Archives For Nikola Pekovic

LivingLaVineaLoca

In two weeks, the Minnesota Timberwolves will reevaluate Ricky Rubio’s ankle. He’ll be on crutches during that time and then we’ll see how the swelling and ligaments are progressing. Optimistically, I’d say the Wolves are looking at a four-week recovery overall for the significant/high ankle sprain, and six weeks may even be the more likely scenario. That’s simply a guess based on covering injuries like this and talking to a couple of people who are smarter about it than I am.

In the next 4-8 weeks, or however long Rubio is sidelined, Zach LaVine will likely be the starting point guard. Flip Saunders is wary about playing Mo Williams more than 25 minutes a game due to advanced age in the NBA and not wanting to wear him down. When the Wolves made the decision to keep Glenn Robinson III over J.J. Barea, they knew the risk of injury at the point guard could thrust them into a situation like this. And it’s a great chance at developing LaVine in a way they probably didn’t believe was a likely scenario. Saturday night against the Heat, we saw a lot of what the process should and likely will look like during Rubio’s down time.  Continue Reading…

NBA: Minnesota Timberwolves at Brooklyn Nets

The Timberwolves jumped out to a hot start in last night’s game, which is not actually new. Last season, Minnesota boasted an offensive rating of 111.1 and a defensive rating of 101.1, good for a Bo Derek-approved net rating of 10.0. The problem, of course, was in the fourth quarter, where they only mustered a 98.1 offensive rating against a defensive rating of 107.8 — good for a net rating of -9.7, a swing of nearly twenty points. But we’ll get to the ending in short order. Continue Reading…

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The Timberwolves fought to the final seconds tonight, but couldn’t get over the hump against a borderline top-tier Memphis Grizzlies squad. Mid-broadcast, Dave Benz mentioned the Grizzlies haven’t won an opener since they moved to Vancouver. It was a tough 105-101 loss, but it’s important to remember the quality of competition that the Wolves were facing tonight, and the connotations that a win would bring for said competition.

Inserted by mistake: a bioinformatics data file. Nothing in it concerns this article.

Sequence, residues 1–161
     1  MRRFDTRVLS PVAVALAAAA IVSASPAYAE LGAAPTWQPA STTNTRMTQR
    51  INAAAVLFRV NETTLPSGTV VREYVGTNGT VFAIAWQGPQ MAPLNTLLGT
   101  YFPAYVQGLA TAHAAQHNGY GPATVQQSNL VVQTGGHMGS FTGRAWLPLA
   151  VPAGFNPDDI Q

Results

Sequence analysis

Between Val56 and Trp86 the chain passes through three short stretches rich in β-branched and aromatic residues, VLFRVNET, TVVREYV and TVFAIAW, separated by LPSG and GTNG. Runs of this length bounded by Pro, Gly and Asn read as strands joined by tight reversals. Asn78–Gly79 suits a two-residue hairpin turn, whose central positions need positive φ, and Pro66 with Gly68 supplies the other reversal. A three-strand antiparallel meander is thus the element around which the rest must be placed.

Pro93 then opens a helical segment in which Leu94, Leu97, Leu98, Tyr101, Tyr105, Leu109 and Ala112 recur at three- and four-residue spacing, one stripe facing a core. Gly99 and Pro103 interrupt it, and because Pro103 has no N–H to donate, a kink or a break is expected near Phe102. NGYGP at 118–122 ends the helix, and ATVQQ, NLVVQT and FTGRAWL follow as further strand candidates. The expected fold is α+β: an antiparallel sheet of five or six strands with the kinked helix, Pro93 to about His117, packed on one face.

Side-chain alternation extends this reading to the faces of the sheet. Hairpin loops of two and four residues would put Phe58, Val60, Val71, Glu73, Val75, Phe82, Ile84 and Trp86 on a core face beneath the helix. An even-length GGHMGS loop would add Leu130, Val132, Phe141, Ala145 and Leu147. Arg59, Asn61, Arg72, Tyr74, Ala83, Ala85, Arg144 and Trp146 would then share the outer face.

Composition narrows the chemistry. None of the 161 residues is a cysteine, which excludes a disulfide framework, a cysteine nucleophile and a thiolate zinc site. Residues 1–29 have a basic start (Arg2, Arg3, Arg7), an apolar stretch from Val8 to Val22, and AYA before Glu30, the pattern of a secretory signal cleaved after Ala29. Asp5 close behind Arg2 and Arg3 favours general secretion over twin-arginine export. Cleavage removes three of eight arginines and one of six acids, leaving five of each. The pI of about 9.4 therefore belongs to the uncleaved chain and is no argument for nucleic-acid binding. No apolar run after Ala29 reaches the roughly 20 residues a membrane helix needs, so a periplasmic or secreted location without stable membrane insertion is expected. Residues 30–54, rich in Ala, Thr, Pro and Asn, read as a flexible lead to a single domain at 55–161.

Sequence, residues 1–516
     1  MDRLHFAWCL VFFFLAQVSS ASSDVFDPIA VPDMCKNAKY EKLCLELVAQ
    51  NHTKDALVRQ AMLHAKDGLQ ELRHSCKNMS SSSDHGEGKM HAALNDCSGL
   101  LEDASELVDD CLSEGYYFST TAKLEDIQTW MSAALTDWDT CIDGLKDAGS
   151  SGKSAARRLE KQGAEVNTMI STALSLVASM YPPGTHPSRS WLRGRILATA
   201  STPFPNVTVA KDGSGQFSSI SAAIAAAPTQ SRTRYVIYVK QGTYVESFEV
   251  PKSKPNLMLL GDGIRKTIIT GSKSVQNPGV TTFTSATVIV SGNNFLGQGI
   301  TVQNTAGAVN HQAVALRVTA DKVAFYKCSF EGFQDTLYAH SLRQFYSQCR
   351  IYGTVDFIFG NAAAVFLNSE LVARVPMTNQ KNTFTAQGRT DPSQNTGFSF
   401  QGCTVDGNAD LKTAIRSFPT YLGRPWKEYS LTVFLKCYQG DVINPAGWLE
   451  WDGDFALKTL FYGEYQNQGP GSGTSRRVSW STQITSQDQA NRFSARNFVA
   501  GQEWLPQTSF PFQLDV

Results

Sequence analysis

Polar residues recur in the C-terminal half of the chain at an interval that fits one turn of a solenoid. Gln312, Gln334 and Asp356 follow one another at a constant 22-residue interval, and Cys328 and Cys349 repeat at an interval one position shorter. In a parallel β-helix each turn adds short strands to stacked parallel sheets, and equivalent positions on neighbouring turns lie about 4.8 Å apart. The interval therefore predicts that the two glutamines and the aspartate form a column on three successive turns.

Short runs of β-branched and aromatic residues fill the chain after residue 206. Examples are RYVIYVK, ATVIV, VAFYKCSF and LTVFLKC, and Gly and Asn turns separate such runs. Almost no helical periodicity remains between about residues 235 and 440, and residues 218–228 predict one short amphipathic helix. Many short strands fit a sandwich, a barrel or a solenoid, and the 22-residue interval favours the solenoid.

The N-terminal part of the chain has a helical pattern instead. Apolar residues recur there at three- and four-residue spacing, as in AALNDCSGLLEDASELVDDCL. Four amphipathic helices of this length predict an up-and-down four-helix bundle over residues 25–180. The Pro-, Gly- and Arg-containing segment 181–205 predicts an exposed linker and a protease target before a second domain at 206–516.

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I wasn’t prepared for how interesting watching an NBA team practice was going to be. When the assembled media was granted access to the Timberwolves’ first day of training camp for the last half hour, we filed in and sat down on the north side of the Taylor Center’s court. The players were going up and down, divided into three sets that matched last night’s squads for the Dunks After Dark scrimmages — black, white and gold.

The coaches on the floor — Flip Saunders, Ryan Saunders and Sidney Lowe — set up a drill on dealing with the pick and roll, working on specific calls and approaches. Some of it may have seemed basic, but training camp is about getting everyone on the same page. It’s a way to say, “This is how we do things.” To that end, it’s not a test just of learning specific things, but a test of how well a player learns things in general, how coachable a player is.

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Dunks After Dark Wrap-Up

Steve McPherson —  September 30, 2014 — 3 Comments